Posted on March 05, 2018
March is Colorectal Cancer Awareness Month
The American Cancer Society estimates 95,520 people will be diagnosed with colon cancer this year, 39,910 will be diagnosed with rectal cancer, and 50,260 will die from this disease.
Of cancers affecting both men and women, colorectal cancer (cancer of the colon and rectum) is the second leading cancer killer in the United States. Alarmingly, a recent study performed by the Cleveland Clinic found that the rate of colon and rectal cancers is rising in adults under the age of 50—the recommended screening age. The reason for the rise in both incidence and death rates remains unclear.
The study’s lead author, Rebecca Siegel, an epidemiologist at the American Cancer Society, says the study “tells us that we need to get messages out for people when they turn 50, they need to call and schedule their colorectal cancer screening, because increasing death rates for people who should be screened is very concerning.” She went on to assure that, “It’s important to mention that still the risk for colorectal cancer is still low in people under 55. We don’t want to be alarmists. The risk is low.”
Surveillance, Epidemiology, and End Results (SEER) data shows this trend as well. It found that while new colorectal cancers in older adults (ages 50+) have fallen consistently since 1985, rates of colorectal cancer for people under age 50 have risen, particularly for rectal cancer. After 2001, there was an average annual increase of 2.1% in young onset colorectal cancer compared to a decrease of 2.5% yearly for those 50 and older. Rectal cancer cases increased even more rapidly in younger patients at an average annual change of 3.9%.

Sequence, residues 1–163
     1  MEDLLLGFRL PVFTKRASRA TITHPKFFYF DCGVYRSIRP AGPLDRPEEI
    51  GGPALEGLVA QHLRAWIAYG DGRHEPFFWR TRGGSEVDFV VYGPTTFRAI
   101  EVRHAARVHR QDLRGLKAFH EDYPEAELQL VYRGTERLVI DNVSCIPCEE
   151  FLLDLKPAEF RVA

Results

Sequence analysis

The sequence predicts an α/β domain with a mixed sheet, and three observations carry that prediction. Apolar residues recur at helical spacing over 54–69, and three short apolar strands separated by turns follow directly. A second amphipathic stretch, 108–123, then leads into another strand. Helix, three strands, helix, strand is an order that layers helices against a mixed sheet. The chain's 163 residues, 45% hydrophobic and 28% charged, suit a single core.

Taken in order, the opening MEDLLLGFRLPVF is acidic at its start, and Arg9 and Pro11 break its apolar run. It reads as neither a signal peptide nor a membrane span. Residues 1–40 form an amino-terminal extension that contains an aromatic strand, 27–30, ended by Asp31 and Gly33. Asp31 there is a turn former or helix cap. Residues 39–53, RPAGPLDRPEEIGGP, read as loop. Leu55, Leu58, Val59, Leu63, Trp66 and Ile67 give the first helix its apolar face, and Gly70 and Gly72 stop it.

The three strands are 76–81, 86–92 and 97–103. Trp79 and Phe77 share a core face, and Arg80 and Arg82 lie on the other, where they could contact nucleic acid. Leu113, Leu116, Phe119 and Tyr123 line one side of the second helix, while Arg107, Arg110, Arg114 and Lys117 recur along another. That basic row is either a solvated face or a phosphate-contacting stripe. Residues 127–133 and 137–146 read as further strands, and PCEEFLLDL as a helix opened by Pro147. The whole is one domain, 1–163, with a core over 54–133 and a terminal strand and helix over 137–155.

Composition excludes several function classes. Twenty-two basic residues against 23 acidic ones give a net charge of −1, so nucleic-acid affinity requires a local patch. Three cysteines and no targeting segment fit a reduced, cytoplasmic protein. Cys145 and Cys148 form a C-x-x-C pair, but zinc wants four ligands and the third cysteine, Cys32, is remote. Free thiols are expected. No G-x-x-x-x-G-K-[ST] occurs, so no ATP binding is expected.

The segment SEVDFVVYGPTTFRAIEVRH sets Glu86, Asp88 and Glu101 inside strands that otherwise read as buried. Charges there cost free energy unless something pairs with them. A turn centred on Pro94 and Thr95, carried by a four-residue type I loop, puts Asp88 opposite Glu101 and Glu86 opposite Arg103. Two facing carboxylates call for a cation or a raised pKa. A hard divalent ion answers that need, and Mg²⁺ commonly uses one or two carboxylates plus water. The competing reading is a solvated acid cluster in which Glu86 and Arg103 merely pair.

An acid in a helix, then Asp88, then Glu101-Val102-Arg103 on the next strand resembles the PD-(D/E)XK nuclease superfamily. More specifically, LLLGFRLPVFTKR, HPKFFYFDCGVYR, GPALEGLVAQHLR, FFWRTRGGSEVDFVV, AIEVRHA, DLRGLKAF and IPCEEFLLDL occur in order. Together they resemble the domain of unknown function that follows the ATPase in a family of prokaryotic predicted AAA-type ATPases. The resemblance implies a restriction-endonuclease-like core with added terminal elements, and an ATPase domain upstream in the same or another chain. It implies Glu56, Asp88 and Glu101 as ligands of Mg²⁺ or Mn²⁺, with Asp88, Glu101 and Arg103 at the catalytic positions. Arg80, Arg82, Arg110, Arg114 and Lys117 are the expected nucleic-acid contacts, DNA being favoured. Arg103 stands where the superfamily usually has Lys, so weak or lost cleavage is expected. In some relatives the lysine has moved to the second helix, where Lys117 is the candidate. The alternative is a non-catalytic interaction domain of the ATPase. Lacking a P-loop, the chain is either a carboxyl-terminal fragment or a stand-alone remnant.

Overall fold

The message from both studies is clear: Doctors should make it clear to all patients that colorectal cancer screening is critical at the age of 50.
What is Colorectal Cancer?
Cancer that begins in the colon is called a colon cancer, while cancer in the rectum is known as a rectal cancer. Cancers affecting either of these organs may be referred to as a colorectal cancer. Colorectal cancers generally develop over time from adenomatous (pre-cancerous) polyps (growths) after a series of mutations (abnormalities) arise in cellular DNA.
The wall of the colon and rectum is made up of several layers. Colorectal cancer starts in the innermost layer (the mucosa) and can grow outward through some or all of the other layers. When cancer cells are in the wall, they can then grow into blood vessels or lymph vessels (tiny channels that carry away waste and fluid). From there, they can travel to nearby lymph nodes or to distant parts of the body. The stage of a colorectal cancer depends on how deeply it grows into the wall and if it’s spread outside the colon or rectum.
Know Your Risk Factors
What causes colon and rectal cancers? Several factors may place you at a higher risk for colorectal cancer. If you have any of the risk factors below, speak with your doctor about when you should undergo screening.
Factors you can’t control:
Age: Over 90% of those diagnosed with colorectal cancer are over age 50. As we age, we’re more likely to grow polyps which have the gene changes that turn normal tissue into cancer.
A history of polyps or cancer: If you have a personal cancer history of colon polyps or colon cancer, rectal cancer, ovarian cancer, endometrial cancer, or breast cancer you may be at an increased risk for colorectal cancer. Ask your doctor about genetic testing.